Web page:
Thursday, June 15, 2017

Qatar raises depo rate, not lending rate, after Fed move

      Qatar's central bank raised its deposit rate but maintained its lending rate the day after the U.S. Federal Reserve increased its benchmark rate, the federal funds rate, by 25 basis points.
      Like other members of the Gulf Cooperation Council (GCC) and Hong Kong, the Qatar Central Bank (QCB) pegs its currency, the riyal, to the U.S. dollar but doesn't always tracks changes to U.S. rates.
      In December 2015 the Fed changed its fed funds rate for the first time since the global financial crises but two months prior to that, on Oct. 4, the governor of the Qatar central bank ruled out an interest hike in the event of a U.S. hike, saying the conditions of the Qatari banking system were characterized by high liquidity and the liquidity ratio provided by the central bank to local banks excluded raising the rate.
      In December 2016 when the Fed raised its rate for the second time in the current tightening cycle, QCB followed suit and raised both its deposit (QMRD) and lending rates (QMRL) by 25 basis points to 1.0 percent and 4.75 percent, respectively.
      In March 2017, when the Fed raised its rate for the third time, the QCB also followed suit and raised its deposit rate to 1.25 percent and the lending rate to 5.0 percent. However, the required reserve ratio was lowered by 25 basis points to 4.50 percent.
      Today the QCB said it raised its deposit rate by 25 basis points to 1.50 percent but the lending rate and repo rates were left unchanged.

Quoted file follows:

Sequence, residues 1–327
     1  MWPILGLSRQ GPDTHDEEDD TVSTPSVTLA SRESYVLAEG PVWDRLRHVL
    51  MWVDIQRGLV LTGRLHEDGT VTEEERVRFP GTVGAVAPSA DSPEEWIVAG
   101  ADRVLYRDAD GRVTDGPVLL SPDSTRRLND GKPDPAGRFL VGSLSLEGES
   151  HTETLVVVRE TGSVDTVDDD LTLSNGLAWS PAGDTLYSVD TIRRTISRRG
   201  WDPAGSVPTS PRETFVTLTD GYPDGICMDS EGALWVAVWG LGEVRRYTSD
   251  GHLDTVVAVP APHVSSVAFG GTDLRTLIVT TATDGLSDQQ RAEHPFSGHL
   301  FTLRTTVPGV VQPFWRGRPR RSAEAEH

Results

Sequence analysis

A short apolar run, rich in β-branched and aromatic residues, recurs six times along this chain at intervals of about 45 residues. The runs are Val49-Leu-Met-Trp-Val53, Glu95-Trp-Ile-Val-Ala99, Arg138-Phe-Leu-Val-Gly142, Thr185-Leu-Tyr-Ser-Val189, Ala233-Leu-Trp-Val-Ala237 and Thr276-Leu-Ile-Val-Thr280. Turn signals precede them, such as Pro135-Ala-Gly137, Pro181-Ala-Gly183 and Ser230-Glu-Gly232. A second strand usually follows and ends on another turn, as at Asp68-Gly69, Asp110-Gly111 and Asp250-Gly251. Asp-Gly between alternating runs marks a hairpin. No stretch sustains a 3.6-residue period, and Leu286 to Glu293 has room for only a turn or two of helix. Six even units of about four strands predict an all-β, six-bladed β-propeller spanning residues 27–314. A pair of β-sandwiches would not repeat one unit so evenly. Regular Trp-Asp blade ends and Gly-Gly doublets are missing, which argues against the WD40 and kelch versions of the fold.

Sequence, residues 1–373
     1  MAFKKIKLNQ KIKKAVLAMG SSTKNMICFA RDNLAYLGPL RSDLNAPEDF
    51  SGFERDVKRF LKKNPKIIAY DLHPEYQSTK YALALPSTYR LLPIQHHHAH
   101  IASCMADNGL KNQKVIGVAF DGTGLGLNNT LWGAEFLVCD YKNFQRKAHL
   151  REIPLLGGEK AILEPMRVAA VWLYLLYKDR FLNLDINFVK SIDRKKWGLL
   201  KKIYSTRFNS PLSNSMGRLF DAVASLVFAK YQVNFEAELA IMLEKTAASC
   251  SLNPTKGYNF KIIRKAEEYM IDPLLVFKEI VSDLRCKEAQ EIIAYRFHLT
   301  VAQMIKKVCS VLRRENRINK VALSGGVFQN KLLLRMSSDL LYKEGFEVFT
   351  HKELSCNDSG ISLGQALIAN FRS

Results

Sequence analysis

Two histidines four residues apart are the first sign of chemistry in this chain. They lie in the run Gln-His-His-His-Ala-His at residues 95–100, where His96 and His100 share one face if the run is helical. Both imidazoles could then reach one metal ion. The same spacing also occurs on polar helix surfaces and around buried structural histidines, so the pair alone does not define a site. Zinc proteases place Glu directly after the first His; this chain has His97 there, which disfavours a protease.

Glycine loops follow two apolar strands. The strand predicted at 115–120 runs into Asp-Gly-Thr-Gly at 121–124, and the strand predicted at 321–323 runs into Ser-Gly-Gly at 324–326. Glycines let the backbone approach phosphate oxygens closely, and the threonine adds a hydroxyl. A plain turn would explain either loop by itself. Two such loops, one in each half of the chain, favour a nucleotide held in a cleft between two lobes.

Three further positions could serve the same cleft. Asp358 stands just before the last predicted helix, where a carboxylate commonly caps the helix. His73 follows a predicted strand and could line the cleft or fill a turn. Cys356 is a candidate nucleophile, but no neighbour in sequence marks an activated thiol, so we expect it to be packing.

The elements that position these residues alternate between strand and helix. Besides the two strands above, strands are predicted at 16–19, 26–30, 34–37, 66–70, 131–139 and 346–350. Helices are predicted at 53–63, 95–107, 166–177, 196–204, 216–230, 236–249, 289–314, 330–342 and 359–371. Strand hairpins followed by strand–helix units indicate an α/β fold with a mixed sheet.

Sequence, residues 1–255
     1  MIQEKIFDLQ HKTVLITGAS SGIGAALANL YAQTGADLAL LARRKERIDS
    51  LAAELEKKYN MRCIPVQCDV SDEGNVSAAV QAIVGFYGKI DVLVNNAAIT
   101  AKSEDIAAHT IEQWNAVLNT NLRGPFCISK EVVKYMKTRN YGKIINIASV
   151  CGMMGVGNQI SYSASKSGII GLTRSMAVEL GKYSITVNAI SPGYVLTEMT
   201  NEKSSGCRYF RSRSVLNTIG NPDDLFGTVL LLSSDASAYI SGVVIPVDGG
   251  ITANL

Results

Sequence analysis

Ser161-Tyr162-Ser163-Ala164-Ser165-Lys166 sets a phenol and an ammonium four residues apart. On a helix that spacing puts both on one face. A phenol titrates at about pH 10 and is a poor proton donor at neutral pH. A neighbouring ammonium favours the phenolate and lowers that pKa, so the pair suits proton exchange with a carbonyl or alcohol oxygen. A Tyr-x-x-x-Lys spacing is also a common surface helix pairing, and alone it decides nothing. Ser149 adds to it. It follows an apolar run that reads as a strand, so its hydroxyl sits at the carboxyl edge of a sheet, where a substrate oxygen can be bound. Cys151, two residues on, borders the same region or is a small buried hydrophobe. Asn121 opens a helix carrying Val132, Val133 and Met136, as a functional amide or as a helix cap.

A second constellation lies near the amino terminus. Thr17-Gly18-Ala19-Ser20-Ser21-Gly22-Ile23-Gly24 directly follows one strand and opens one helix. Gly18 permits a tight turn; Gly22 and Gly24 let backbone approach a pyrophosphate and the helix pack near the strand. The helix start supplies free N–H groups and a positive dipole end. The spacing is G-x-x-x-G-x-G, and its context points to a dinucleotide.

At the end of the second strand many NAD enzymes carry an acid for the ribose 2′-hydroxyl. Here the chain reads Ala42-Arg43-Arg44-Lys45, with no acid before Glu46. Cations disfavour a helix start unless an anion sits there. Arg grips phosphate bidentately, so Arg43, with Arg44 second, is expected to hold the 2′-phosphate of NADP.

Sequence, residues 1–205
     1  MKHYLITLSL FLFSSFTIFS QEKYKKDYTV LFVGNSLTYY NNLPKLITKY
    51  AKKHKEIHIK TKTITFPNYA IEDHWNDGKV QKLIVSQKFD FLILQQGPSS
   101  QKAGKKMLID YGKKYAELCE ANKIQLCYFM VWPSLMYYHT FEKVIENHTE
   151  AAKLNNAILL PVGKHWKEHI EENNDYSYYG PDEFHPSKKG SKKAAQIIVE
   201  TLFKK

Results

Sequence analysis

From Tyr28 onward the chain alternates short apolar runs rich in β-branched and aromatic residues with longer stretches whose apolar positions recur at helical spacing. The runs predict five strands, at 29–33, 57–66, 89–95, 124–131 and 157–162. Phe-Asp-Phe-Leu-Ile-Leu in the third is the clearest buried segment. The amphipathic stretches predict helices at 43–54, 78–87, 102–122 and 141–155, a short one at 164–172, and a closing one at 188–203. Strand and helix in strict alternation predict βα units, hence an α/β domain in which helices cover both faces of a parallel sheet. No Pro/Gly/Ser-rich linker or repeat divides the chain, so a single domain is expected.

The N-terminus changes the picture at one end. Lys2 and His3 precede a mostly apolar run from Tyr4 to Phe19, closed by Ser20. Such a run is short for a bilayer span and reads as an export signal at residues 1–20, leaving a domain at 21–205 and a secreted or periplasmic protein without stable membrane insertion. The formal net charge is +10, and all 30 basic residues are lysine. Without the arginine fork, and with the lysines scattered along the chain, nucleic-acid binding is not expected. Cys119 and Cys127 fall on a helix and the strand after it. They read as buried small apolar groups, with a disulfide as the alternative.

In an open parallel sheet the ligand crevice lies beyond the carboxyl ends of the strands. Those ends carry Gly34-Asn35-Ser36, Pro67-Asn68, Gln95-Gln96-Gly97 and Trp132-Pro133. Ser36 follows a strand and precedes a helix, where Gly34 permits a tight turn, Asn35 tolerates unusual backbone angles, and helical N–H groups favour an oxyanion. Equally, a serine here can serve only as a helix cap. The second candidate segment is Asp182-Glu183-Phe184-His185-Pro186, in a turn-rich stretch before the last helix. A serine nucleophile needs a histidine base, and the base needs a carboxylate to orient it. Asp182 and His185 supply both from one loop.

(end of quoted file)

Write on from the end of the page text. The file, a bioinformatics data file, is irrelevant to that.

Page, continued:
Yesterday the central banks of Saudi Arabia, the UAE and Bahrain, countries that also peg their currencies to the U.S. dollar, raised their rates by 25 basis points while Kuwait, which pegs its currency to a basket of currencies, left its key rate steady. Hong Kong, which pegs its dollar to the U.S. dollar, also raised its base rate by 25 basis points.
        Qatar is currently embroiled in a diplomatic crises with Saudi Arabia, the UAE, Bahrain and Egypt over policy toward Iran and terrorism, and there have been press reports that some Qatari banks have raised their deposit rates to attract dollars from other regional banks.
        Earlier this week, on June 13, the governor of QCB, Sheikh Abdullah bin Saud Al-Thani, said in a statement that Qatar's banking system was functioning normally and the central bank has sufficient foreign currency reserves to meet all requirements.
     He added liquidity in Qatar's banking system remains strong and the country's banks have extensive international presence that gives them flexibility to carry out all banking transactions, whether domestic or international.



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